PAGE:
The Siege of Kaifeng

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Li Zicheng’s peasant revolt against the declining Ming dynasty in 1642 laid siege to the city of Kaifeng for six months. His forces attempted to penetrate the city’s walls in various ways—barraging them with cannon-fire, digging under them to subvert their foundations, and setting off barrels of gunpowder to blow an entrance into the city. Despite these efforts, the walls held strong, and as Li’s frustration mounted, the city’s defenders ran increasingly low on food and water. As their desperation grew, both sides resorted to an extreme and risky course of action — one which would prove incredibly costly — diverting the Yellow River to burst onto its banks and engulf their enemy.

Popular mythology of Li held that his leadership of the peasants’ revolt was born from an incident in 1630, when he was 24. Numerous accounts report that he was shackled in public for failing to repay a high-interest loan from a magistrate named Ai Zhao. A guard tried to offer Li shade and water, but was struck down by a Ming official. This, however, angered the local peasants, who rebelled and freed Li, proclaiming him as their leader. This story encapsulated his reputation as a man of the people, combatting the late Ming Dynasty’s corruption and greed. The unpopular Ming grain taxes, for instance, allowed Li a foothold to gain popularity, branding his campaign with the slogan “dividing land equally and abolishing the grain taxes payment system”. Indeed, he was widely celebrated and popular among the peasants, who soon gave him the title of ‘The Dashing King’, a name inherited from Gao Yingxiang, the previous leader of the revolt, upon his death in 1633.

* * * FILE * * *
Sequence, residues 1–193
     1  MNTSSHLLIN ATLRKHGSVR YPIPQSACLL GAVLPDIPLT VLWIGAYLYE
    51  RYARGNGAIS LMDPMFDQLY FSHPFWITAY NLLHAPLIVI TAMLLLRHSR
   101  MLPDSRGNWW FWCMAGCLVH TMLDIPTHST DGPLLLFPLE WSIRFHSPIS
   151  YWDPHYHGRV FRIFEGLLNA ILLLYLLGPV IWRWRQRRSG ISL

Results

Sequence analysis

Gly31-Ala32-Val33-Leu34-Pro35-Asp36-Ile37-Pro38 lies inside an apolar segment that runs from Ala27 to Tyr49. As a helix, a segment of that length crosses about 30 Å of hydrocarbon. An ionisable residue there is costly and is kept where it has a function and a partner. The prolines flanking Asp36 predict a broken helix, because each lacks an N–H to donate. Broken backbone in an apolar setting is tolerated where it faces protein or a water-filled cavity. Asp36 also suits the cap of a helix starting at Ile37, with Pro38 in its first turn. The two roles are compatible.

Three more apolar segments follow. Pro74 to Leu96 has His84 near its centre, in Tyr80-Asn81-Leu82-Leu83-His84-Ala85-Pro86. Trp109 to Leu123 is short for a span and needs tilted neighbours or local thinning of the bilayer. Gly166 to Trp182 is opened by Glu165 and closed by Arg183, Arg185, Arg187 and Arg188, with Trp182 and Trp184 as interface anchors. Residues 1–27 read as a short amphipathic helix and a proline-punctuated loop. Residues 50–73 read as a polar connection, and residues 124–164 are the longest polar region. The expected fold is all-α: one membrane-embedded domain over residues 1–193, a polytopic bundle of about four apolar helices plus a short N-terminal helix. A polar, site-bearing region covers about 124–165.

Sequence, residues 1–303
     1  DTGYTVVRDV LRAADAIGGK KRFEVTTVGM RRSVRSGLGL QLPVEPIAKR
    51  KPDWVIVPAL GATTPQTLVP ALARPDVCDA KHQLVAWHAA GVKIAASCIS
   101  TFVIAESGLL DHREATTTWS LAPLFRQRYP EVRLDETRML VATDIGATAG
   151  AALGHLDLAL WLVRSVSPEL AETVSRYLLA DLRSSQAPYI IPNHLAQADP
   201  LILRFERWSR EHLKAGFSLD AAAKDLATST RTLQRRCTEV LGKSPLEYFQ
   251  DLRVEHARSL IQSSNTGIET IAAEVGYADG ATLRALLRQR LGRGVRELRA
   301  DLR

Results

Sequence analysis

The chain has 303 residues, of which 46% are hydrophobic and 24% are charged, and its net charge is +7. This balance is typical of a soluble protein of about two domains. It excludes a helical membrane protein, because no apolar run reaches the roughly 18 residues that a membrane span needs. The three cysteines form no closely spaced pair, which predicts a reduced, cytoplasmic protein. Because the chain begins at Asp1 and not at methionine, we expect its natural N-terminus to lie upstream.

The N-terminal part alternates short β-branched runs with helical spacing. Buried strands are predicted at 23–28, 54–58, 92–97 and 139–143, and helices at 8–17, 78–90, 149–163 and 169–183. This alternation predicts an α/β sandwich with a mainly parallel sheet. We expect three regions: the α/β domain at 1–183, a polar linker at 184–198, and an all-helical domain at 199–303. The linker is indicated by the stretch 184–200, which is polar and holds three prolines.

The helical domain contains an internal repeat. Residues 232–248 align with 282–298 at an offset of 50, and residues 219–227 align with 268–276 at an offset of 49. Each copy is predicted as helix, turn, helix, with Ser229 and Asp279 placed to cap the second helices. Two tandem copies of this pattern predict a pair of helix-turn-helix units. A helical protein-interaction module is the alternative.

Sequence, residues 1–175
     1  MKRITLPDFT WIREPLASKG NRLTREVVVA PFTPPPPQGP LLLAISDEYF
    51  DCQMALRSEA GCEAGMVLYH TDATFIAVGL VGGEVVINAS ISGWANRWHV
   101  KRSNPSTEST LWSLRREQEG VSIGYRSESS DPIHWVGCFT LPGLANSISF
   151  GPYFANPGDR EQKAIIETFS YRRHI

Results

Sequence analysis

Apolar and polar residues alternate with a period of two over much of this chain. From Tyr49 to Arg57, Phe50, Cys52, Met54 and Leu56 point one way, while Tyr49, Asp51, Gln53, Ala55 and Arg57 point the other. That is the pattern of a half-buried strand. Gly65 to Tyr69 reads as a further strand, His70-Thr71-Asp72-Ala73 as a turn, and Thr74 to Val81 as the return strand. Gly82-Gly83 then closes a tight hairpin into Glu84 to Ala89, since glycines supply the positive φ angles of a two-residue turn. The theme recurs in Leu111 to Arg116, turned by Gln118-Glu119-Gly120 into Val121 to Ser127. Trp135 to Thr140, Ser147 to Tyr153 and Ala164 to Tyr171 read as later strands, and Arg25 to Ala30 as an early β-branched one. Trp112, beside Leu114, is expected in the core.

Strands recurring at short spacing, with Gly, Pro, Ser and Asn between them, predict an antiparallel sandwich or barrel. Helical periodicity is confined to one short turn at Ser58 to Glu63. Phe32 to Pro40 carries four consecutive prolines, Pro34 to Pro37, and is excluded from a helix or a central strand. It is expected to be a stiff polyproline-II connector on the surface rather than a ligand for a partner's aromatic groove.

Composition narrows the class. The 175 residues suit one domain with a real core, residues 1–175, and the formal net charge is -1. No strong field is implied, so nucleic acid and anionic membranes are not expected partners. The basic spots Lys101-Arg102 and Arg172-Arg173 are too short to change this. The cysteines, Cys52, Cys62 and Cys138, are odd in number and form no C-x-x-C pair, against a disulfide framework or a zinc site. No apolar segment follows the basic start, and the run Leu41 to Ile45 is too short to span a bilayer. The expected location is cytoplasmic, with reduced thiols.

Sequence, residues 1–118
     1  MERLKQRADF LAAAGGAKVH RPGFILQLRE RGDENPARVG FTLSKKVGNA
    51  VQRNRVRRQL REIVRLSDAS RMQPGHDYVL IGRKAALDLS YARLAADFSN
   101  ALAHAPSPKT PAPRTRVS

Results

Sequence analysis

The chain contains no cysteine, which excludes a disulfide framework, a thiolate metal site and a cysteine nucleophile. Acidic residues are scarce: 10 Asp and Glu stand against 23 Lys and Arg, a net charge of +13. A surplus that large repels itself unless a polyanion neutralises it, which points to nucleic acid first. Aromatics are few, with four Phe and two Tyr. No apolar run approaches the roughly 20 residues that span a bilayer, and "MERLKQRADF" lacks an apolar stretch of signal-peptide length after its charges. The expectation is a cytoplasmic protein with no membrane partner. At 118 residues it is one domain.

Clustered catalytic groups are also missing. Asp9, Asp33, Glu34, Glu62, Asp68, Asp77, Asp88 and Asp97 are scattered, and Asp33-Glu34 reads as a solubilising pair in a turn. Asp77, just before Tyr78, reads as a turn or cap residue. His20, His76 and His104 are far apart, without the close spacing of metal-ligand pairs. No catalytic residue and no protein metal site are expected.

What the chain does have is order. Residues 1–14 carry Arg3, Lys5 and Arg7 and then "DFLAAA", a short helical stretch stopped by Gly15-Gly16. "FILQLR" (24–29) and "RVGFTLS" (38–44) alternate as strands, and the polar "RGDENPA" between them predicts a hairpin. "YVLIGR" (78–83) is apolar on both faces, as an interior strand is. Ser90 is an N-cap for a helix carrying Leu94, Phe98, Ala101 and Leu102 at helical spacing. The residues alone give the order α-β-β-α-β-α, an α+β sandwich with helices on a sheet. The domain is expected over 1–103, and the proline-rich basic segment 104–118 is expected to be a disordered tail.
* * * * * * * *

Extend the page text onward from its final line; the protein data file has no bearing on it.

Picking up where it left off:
By 1636, Li had rallied a force of over 30,000 peasants, and had begun seizing Ming strongholds to weaken Emperor Chongzhen enough to attack Beijing. Kaifeng was a significant city for a number of reasons. It held huge political and historical significance, having served as China’s imperial capital for eight former dynasties, most notably the Northern Song Dynasty. In 1642, it was the capital of Henan province and was enormously populous. Estimates for the total population of Kaifeng vary from around 350,000 to around 600,000, yet regardless, its significance as a military target for Li was unquestionable.